Friday 5: How About a Knuckle Sandwich

From here.

  1. When did you last punch someone?  Alternate question: When did someone last punch you?
    I wasn’t always the pacifist I claim to be today, so I have thrown a fair number of punches, some of them finding their mark.  But it has been a very long time, since early high school, and it shames me to think about them now, so I’m answering the alternate question.  A couple of months ago, I was walking to a bus stop rather late at night in my neighborhood.  People familiar with the area (North King Street near Mokauea Street in Kalihi) will tell you the only surprising thing about this story is that things didn’t escalate, or maybe that this kind of thing doesn’t happen to me all the time.  I walked past one bus stop on my way to a safer one at which to wait in the dark (the one across Farrington High School).  A guy — thin, not very tall, slightly hunched over, early twenties — threw a punch at my face as I passed.  His aim was horrible, and his fist glanced harmlessly off my cheekbone.  I was startled.  I drew a fist back (honestly, not to take a swing, but to give him something to think about as I considered where I might run) and I looked him in the eye.  He was drunk.  “What?!” he demanded, taking an aggressive stance as though he might swing again.  I gave him an exaggeratedly puzzled look.  “What are you doing?” I asked. He repeated his question.  I said, “What the heck?” and continued walking to the next bus stop.  I kept my eyes on him as I did, awkwardly looking back over my shoulder.  He kept yelling one-word threats at me but didn’t come after me.  At least not at first.  He did make his slow, staggering way toward my bus stop and arrived just as my bus pulled up at the curb.  I got on and he didn’t follow me.
  2. How many of those frequent (whatever) stampcards/punchcards do you have, and which are you most likely to fill and redeem?
    I’m not going to count duplicates and say it’s in the area of twenty local establishments, some of which aren’t even in business anymore, such as Koi Catering and Takeout (the food truck still exists but I’ve never seen it), Ice Forest, and Ice Fru.  I need to do some cleaning up.  The card I’m most likely to complete and redeem next is from Friend Cafe, my favorite boba cafe.  I actually have a couple of completed cards but haven’t redeemed them so I could use them some day when I don’t have any money.  I tend to save my completed stamp cards for rainy days, and then the cards either expire or the businesses close permanently.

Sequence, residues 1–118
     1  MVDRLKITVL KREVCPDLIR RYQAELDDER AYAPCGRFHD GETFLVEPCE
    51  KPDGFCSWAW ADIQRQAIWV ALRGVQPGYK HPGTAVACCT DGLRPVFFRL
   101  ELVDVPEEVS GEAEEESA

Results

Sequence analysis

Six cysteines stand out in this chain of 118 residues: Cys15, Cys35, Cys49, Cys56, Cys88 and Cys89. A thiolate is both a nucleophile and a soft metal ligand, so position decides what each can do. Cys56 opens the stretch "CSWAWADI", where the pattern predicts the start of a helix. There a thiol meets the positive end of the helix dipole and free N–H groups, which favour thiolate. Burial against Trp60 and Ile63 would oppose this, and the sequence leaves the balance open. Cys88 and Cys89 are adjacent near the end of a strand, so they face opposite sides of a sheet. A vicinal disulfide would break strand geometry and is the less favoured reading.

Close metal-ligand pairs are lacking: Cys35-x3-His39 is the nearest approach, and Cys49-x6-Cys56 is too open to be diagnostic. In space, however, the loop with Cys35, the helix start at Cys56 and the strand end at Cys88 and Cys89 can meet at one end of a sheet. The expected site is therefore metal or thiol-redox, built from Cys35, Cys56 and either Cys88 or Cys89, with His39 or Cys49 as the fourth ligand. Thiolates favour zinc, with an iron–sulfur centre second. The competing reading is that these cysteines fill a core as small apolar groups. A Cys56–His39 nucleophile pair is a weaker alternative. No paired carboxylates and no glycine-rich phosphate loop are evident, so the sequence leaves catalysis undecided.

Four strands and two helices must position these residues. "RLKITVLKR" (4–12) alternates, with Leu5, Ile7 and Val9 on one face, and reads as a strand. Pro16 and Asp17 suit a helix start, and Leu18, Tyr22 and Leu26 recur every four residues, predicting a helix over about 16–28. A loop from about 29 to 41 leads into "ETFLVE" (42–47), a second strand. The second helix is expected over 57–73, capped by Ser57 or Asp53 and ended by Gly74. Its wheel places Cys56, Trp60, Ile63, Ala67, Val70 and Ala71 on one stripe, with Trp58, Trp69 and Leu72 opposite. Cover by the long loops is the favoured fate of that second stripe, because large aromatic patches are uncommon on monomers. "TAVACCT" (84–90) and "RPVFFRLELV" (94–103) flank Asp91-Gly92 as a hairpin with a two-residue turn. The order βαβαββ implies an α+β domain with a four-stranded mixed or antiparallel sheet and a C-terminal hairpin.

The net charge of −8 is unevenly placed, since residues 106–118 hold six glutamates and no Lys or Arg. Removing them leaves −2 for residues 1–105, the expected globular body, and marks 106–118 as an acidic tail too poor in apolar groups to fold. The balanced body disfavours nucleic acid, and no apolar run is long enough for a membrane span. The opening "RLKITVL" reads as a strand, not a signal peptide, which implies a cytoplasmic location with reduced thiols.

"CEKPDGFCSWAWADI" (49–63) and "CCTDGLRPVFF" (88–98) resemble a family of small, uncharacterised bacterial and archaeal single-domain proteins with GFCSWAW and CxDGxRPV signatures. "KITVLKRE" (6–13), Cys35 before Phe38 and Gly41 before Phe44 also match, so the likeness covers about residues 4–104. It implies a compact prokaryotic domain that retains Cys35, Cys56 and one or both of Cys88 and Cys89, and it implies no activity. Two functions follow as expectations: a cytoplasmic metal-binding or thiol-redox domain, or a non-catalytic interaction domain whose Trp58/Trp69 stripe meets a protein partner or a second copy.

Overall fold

3. When have you had a really good fruit punch?
    I used to make a really popular fruit punch from a recipe I got from my mom.  People would ask me, going back to high school days, to bring it to parties.  I made it often enough that I didn’t need to look at the recipe anymore, and over the years whenever I’ve made it, I think I’ve mutated the amounts bit by bit until the last time I tried to make it and it was terrible.  It used powdered strawberry Jell-O (cooked but not set), pineapple juice (to keep the Jell-O from setting), frozen strawberries, and ginger ale.  I’ve also been at functions at some of the really nice hotels here, and the fruit punches at those things can be crazy good.
  4. What are your thoughts on boxing?
    I love it, but I swore off it shortly after I began teaching.  I decided that watching boxing was getting in the way of my becoming the pacifist I wanted to be.  My dad taught me how to fight, taught me beginning at a young age, and although I love him and respect him, I don’t want to be him, at least not where it comes to resolving conflict.  I’m not saying watching boxing leads to violence.  I am saying that watching boxing glorifies something I don’t want to glorify, as much as I love the sporting aspect.  Amd yeah, I think it makes ME (not anyone else) more likely to seek non-peaceful ways out of stuff.  I mean, I’ll watch pro wrestling, and I’ll watch movies about boxing.  But I won’t watch real boxing.  My resolve was first put to the test when Tyson fought Holyfield the first time.  When I found out the next morning that Holyfield won, I felt a large pit open up in my stomach.  “I missed it!” I said to myself, sadly.  Then when they fought again, when Tyson bit Holyfield’s ear off, I said, “Oh thank goodness I don’t watch boxing anymore!”  After each major fight ever since, I have one or the other response when I hear the results.  I believe I’m better off — if not necessarily a better person — not watching.
  5. When do you usually punch in and punch out?